Just after these ruins you cross the third steam (this is where the dog decided that discretion is the better part of valor and turned back) and walk through a narrow canyon (with warning signs of falling rock) and then open into a beautiful “Lord of the Ring” type grass covered meadow. You could tell that heavy rains had put this whole area underwater recently; you don’t want to be on this trail if it starts raining. The other concern was large areas that looked like they had been cleared to bare earth by some sort of device, but we quickly figured out it was where the wild boars were routing for food. According to the locals you definitely don’t want to run into these guys with their large curved tusks (used in the necklaces of the warriors). When they attack they slash their heads back and forth using the razor sharp tusks like swords. And they are usually not in a good mood if you interrupt their feeding time.
This beautiful meadow at the foot of the falls was like a scene from Lord of the Rings.
After hours of hiking you are rewarded by seeing the last 40 ft. of the almost 1,200 ft. Viapo Falls.
Your are seeing only the first third of the river eel, and they are amazingly fast when going after food!
As you break out of the jungle and approach the base of the falls you enter an expanse of grassy fields at the base of the vertical cliffs, a scene that looks out of Lord of the Rings. We had hoped to go swimming but as we approached the water we went eye to eye with a five-foot-long eel who looked very hungry. So much for swimming. We had some lunch and marveled at how fast the eel was when we threw food scraps into the water.

On the way back down much of the hiking was on softball-sized black volcanic rocks and the black sand gets in your Tevas working back and forth like sandpaper on your delicate skin. The way down was somewhat painful for both us in our Teva-type sandals as we hobbled along as best as we could.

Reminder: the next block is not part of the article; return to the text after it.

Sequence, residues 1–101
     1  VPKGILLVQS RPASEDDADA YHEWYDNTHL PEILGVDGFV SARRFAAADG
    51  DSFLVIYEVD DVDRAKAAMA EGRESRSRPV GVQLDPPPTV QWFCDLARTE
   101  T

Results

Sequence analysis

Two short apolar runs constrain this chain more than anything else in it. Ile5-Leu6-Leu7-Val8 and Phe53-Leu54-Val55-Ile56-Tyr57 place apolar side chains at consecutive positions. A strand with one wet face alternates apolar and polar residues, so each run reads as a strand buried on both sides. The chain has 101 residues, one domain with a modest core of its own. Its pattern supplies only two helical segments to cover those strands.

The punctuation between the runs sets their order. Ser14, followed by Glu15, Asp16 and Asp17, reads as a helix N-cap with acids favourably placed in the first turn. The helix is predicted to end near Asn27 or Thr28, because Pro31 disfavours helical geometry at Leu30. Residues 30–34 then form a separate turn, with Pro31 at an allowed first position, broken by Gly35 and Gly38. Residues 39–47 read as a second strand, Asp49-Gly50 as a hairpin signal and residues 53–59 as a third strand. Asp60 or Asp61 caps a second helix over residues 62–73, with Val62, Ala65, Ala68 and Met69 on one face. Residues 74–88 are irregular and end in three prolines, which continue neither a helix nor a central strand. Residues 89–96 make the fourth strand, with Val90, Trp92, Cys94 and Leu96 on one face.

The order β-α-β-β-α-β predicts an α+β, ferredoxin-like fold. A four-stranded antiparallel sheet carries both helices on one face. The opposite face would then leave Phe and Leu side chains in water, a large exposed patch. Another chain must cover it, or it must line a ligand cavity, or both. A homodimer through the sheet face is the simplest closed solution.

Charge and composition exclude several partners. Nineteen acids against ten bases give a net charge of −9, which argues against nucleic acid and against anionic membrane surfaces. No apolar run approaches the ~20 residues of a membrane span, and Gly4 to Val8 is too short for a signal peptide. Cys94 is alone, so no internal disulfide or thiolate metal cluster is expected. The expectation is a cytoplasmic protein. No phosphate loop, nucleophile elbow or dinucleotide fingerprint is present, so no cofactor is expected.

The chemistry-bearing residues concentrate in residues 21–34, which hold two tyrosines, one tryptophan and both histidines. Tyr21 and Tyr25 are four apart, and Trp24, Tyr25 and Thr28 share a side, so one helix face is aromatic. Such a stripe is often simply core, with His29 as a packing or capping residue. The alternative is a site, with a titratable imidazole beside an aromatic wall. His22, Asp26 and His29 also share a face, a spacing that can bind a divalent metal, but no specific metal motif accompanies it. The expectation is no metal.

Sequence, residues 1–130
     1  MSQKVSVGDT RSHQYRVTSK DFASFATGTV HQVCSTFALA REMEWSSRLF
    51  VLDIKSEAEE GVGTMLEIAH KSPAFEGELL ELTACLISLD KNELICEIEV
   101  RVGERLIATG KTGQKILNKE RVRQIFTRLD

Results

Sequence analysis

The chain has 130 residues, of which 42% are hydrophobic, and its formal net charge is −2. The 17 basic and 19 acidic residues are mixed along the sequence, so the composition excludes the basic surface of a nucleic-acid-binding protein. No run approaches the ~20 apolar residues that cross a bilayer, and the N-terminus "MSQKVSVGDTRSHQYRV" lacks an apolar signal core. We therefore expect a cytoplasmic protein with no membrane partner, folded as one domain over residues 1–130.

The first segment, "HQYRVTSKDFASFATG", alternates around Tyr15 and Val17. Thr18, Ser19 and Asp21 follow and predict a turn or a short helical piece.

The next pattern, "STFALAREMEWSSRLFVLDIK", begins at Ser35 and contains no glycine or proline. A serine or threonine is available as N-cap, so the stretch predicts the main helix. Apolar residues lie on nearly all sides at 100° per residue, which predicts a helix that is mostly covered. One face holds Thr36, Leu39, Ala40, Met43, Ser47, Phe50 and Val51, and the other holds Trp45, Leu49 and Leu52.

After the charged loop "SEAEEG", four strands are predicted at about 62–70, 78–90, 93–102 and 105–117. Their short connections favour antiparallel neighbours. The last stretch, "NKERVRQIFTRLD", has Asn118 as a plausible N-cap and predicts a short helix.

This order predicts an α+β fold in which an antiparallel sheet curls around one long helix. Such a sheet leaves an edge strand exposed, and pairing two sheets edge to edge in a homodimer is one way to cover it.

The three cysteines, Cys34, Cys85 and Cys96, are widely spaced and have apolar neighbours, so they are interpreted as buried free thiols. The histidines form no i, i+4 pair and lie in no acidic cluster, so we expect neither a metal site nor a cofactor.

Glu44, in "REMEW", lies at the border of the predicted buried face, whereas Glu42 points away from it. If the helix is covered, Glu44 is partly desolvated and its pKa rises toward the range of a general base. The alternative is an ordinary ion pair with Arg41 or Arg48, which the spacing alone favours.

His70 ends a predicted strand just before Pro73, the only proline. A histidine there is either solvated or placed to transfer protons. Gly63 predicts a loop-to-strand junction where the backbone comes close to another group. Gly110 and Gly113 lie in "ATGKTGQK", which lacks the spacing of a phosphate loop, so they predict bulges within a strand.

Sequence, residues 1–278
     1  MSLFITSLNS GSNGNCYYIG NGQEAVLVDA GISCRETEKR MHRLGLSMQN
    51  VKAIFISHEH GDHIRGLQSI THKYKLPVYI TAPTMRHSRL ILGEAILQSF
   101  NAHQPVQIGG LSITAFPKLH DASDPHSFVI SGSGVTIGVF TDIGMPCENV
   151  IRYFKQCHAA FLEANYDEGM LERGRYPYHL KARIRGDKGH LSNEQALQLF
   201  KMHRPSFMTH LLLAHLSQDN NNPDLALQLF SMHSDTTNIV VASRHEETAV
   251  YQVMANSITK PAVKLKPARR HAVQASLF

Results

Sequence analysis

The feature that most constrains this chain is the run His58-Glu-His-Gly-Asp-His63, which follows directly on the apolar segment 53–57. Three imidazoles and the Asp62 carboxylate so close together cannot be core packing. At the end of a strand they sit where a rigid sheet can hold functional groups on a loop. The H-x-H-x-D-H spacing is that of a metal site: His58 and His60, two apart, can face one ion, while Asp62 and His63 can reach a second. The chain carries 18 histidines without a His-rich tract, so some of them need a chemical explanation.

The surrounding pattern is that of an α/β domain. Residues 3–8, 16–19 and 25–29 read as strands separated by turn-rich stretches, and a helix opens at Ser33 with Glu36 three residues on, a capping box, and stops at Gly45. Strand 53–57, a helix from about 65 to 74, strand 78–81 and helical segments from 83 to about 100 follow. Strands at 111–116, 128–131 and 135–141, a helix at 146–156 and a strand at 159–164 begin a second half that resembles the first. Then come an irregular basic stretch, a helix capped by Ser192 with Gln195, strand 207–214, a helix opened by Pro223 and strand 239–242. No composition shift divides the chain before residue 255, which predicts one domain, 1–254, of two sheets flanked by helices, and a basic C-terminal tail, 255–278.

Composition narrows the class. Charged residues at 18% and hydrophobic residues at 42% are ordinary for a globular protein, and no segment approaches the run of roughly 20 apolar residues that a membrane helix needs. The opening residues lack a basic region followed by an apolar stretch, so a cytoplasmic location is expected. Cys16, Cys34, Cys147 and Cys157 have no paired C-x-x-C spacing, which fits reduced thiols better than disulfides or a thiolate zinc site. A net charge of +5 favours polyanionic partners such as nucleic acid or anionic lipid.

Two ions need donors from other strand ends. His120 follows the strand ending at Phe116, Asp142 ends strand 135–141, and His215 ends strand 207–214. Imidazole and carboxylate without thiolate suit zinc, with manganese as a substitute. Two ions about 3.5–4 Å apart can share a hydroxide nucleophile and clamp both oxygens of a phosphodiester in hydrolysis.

As we approached the second stream crossing we heard a meowing and saw the kitten curled up on a bed of grass, waiting for us I guess. Meryl picked her up and carried her across the stream and plopped her down on the ground where she continued to drive us nuts by weaving in and out of our legs when we were at full stride heading back.  

As we approached the village we were relieved to see our dingy still tied to a palm tree in the river that empties out to the sea. We certainly felt our age on this hike. Luckily it was now high tide and getting back was much less traumatic.  Truly a beautiful hike overall and highly recommended to cruisers in the area. 

Friday, February 5, 2016

Nuku Hiva Island Tour

The Marquesas archipelago is an enormous archaeological site with ruins everywhere, mostly dated from 1600-1700 AD.  Nuku Hiva has numerous areas of interest and we decided to set up a private tour with Richard who speaks good English and has archaeological and historical knowledge of the island.  It would cost a little more for the private tour but decided it would be nice to have the individual attention and ask any questions we might have along the way.